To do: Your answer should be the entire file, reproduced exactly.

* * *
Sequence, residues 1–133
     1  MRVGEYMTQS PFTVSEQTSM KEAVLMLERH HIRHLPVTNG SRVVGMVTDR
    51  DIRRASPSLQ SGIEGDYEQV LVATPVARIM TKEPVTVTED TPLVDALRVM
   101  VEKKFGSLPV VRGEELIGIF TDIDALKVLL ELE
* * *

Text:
Sequence, residues 1–133
     1  MRVGEYMTQS PFTVSEQTSM KEAVLMLERH HIRHLPVTNG SRVVGMVTDR
    51  DIRRASPSLQ SGIEGDYEQV LVATPVARIM TKEPVTVTED TPLVDALRVM
   101  VEKKFGSLPV VRGEELIGIF TDIDALKVLL ELE